Once in the blood, the toxins travel throughout the body to affect the different organ systems. It is through this path that the toxins reach the brain, causing the neuroinflammation and corresponding that previous studies have extensively linked to GWI. Now that scientists can explain the neurological symptoms that characterize GWI, a new paradigm of research has been unlocked—one related to .

"We know that many diseases like obesity, liver disease, and inflammatory bowel syndrome can be cured or at least decreased by consuming good bacteria, like probiotics," says Chatterjee. "Now that this connection has been established, it opens the door to new studies where GWI patients take probiotics for a longer period of time and, hopefully, see improvement in symptoms connected with metabolic syndrome, gastrointestinal disturbances, and maybe even neuroinflammation."

These findings and treatments may also be applicable to other veterans who have served in subsequent conflicts in the Gulf region. Even soldiers who have served as recently as the War in Afghanistan have begun to emerge with similar, though not as pronounced, symptoms. The team is already pursuing next steps in this line of research in Chatterjee's Arnold School-based lab, the Environmental Health & Disease Laboratory, which specializes in how environmental toxins contribute to liver disease, metabolic syndrome, and obesity.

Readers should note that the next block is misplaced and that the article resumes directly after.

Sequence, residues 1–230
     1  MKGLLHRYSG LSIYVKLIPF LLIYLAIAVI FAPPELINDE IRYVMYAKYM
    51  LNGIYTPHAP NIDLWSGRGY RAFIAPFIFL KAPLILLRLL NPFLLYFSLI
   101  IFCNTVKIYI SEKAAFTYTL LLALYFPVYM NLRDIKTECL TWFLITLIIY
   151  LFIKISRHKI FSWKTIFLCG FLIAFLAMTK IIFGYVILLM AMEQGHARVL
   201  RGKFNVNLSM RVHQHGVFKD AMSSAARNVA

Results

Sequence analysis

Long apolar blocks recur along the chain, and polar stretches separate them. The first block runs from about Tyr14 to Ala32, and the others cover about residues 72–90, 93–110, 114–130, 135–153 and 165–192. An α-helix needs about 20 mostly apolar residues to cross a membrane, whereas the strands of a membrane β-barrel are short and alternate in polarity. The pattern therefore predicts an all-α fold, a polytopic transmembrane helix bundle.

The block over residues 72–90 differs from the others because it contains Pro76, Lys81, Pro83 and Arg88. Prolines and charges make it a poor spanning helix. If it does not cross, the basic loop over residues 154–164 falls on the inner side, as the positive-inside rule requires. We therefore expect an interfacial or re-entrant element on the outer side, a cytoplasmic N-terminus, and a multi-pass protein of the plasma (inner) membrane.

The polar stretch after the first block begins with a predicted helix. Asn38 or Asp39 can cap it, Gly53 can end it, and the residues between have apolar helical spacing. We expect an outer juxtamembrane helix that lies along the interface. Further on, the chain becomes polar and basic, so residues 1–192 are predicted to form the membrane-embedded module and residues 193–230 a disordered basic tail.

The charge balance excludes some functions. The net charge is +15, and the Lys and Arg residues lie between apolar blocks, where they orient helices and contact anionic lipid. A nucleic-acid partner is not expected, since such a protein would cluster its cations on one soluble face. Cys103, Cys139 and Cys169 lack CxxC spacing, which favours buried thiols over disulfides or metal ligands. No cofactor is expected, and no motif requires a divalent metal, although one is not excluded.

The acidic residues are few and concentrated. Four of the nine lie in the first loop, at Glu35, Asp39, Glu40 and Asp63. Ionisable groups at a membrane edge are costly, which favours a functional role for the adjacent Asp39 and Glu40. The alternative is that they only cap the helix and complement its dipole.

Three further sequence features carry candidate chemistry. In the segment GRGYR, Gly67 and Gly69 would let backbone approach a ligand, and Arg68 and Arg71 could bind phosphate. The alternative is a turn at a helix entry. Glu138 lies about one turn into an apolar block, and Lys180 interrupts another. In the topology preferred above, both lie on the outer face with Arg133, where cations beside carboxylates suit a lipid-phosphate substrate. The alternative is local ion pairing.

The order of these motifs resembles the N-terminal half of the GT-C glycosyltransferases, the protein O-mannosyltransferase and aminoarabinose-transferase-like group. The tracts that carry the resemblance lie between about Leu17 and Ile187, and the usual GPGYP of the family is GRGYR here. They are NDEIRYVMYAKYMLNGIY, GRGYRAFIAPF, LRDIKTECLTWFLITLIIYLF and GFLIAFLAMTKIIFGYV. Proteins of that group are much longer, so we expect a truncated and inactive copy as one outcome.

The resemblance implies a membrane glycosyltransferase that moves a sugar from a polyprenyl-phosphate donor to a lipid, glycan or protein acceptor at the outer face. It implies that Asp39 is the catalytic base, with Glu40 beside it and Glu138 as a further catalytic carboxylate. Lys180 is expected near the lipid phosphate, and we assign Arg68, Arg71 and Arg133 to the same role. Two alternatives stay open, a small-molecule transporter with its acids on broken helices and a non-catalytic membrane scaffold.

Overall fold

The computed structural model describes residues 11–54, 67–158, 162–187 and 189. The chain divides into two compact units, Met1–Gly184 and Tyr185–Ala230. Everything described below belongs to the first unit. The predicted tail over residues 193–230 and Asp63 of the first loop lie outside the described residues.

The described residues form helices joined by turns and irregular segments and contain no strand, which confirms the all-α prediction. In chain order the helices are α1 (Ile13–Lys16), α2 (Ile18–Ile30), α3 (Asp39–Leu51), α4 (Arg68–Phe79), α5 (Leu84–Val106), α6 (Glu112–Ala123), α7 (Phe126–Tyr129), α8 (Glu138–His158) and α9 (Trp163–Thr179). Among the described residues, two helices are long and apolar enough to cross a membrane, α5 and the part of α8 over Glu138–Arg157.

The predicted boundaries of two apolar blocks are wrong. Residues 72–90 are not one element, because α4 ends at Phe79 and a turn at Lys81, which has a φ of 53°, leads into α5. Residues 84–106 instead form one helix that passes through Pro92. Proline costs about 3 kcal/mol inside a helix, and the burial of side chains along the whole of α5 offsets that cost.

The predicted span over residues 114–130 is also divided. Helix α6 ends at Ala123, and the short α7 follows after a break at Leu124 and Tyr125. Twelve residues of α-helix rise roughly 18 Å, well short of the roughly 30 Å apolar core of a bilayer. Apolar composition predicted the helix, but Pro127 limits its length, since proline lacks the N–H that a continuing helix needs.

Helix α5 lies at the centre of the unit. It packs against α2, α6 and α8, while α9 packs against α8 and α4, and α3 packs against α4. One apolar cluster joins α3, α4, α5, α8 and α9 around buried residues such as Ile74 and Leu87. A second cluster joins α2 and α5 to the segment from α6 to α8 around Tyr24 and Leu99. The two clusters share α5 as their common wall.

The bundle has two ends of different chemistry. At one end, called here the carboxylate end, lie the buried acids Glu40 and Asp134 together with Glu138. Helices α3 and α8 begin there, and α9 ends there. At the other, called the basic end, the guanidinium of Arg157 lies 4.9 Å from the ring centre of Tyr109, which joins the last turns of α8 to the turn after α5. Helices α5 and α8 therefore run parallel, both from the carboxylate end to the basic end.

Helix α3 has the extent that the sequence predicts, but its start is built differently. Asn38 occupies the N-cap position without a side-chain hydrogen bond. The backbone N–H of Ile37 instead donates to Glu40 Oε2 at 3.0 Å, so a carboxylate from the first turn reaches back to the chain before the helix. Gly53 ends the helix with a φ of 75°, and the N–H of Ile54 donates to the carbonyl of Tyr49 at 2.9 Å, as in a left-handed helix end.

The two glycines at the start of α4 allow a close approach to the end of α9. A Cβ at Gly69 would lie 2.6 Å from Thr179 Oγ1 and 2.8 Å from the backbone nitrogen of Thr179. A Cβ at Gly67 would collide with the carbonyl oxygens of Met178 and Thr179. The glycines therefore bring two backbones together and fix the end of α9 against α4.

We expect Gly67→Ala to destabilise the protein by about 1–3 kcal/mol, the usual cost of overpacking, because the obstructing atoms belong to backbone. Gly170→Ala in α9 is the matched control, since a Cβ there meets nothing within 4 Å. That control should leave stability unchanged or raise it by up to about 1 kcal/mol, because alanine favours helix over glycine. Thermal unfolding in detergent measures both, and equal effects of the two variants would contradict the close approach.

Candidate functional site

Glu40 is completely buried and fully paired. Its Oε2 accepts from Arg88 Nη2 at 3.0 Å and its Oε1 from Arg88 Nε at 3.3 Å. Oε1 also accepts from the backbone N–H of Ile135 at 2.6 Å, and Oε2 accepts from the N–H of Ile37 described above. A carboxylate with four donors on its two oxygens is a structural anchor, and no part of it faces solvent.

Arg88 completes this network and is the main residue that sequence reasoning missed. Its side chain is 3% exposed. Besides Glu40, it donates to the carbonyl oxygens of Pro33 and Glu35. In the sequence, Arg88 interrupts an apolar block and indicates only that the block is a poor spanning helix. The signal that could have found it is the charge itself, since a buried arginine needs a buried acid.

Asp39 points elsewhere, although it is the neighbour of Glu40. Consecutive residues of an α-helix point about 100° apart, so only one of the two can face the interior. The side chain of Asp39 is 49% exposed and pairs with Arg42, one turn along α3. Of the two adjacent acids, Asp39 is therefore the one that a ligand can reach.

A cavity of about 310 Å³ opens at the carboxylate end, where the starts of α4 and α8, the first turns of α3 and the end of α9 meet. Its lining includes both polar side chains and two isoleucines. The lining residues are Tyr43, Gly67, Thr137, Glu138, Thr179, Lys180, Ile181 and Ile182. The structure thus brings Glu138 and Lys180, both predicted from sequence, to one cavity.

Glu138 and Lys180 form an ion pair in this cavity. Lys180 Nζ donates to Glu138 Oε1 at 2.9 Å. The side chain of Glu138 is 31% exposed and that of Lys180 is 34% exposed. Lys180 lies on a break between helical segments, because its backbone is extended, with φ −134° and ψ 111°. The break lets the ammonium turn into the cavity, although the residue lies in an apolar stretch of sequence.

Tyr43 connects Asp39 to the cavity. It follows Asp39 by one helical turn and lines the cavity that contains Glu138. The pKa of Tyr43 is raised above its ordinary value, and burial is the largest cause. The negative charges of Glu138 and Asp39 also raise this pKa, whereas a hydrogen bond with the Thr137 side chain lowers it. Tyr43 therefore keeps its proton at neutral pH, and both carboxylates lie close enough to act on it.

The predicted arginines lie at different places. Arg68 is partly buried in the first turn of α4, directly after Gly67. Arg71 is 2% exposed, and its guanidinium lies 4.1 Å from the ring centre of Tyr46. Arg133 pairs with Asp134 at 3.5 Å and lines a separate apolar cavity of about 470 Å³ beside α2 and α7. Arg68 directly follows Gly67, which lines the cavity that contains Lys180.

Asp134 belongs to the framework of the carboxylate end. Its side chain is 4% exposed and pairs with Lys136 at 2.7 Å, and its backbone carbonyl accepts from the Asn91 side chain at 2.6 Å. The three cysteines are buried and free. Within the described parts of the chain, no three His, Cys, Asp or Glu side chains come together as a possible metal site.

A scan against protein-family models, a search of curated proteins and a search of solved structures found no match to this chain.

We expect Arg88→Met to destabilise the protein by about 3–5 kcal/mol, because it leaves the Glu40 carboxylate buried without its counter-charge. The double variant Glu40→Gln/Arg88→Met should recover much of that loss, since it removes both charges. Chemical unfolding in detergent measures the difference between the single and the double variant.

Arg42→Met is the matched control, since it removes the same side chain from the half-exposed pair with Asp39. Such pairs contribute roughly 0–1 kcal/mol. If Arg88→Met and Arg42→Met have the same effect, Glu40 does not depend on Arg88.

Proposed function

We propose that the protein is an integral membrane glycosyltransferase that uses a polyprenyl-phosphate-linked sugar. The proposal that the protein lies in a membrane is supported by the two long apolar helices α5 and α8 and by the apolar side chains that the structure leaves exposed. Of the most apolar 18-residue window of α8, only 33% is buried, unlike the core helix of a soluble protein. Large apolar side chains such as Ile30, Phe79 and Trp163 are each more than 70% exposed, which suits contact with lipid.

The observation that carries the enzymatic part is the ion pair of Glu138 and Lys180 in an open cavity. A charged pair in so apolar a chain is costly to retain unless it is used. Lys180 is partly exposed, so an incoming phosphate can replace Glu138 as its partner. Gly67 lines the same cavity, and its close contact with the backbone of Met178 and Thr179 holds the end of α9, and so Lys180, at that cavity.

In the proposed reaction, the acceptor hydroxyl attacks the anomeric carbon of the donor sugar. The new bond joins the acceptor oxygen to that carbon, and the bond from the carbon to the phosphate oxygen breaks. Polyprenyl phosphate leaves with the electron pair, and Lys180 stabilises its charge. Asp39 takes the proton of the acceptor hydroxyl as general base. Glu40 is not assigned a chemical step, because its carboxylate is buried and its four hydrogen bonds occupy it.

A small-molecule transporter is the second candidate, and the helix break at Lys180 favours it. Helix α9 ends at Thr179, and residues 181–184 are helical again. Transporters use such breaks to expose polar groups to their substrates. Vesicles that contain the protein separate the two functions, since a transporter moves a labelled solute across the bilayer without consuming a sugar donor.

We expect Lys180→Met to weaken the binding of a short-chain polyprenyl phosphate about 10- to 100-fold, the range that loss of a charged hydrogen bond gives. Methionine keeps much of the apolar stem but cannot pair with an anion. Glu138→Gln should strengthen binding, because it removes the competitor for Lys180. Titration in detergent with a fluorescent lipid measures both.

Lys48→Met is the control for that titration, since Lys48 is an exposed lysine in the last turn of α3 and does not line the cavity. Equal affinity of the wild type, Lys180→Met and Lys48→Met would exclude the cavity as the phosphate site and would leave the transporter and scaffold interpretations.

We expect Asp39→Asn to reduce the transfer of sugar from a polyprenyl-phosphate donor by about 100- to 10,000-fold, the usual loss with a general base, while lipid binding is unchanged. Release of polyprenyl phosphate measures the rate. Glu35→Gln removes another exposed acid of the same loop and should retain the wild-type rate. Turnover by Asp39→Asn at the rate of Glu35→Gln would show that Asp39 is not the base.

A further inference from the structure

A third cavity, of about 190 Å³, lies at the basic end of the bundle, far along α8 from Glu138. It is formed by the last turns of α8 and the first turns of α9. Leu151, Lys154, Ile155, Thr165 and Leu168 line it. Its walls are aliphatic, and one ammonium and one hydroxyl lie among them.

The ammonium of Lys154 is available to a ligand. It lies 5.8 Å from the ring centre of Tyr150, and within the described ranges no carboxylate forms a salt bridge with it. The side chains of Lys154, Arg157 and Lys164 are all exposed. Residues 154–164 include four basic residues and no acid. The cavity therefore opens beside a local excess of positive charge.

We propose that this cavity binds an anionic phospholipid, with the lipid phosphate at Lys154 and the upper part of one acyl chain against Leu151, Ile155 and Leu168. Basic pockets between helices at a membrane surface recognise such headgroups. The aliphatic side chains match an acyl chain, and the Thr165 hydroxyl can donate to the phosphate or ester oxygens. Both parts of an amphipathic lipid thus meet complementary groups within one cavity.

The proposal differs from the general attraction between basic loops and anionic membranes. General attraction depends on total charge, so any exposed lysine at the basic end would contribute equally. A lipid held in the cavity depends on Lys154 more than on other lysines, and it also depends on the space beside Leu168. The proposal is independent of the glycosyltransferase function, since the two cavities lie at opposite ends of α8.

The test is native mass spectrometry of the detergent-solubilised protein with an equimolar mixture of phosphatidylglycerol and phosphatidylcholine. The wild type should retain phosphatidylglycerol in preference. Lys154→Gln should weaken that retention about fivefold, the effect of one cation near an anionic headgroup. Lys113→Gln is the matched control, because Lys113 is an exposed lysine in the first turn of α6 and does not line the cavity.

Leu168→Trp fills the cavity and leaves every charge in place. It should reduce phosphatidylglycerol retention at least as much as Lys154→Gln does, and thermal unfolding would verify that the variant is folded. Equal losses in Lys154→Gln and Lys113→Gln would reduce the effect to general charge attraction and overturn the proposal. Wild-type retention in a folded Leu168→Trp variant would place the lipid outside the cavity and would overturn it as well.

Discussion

Explore further: Intestinal bacteria alter gut and brain function

More information: Firas Alhasson et al, Altered gut microbiome in a mouse model of Gulf War Illness causes neuroinflammation and intestinal injury via leaky gut and TLR4 activation, PLOS ONE (2017). DOI: 10.1371/journal.pone.0172914

Related Stories

Intestinal bacteria alter gut and brain function

March 1, 2017
Research from McMaster University has found that bacteria in the gut impacts both intestinal and behavioural symptoms in patients suffering from irritable bowel syndrome (IBS), a finding which could lead to new microbiota-directed ...

Food and antibiotics may change microorganisms in gut, causing IBS

January 27, 2017
A recent review of research suggests that changes to the microorganisms (microbiota) in the gastrointestinal (GI) tract may be a cause of irritable bowel syndrome (IBS). The review article is published in the American Journal ...

How gut microbiome and diet can affect depression

February 17, 2017
An international group of researchers headed by André Carvalho has published in Psychotherapy and Psychosomatics a paper that provides new data and prospects for the links between the intestinal flora and several disorders, ...

Scientists identify mechanisms driving gut bacterial imbalance and inflammation

February 8, 2017
A study led by UT Southwestern Medical Center researchers has uncovered key molecular pathways behind the disruption of the gut's delicate balance of bacteria during episodes of inflammatory disease.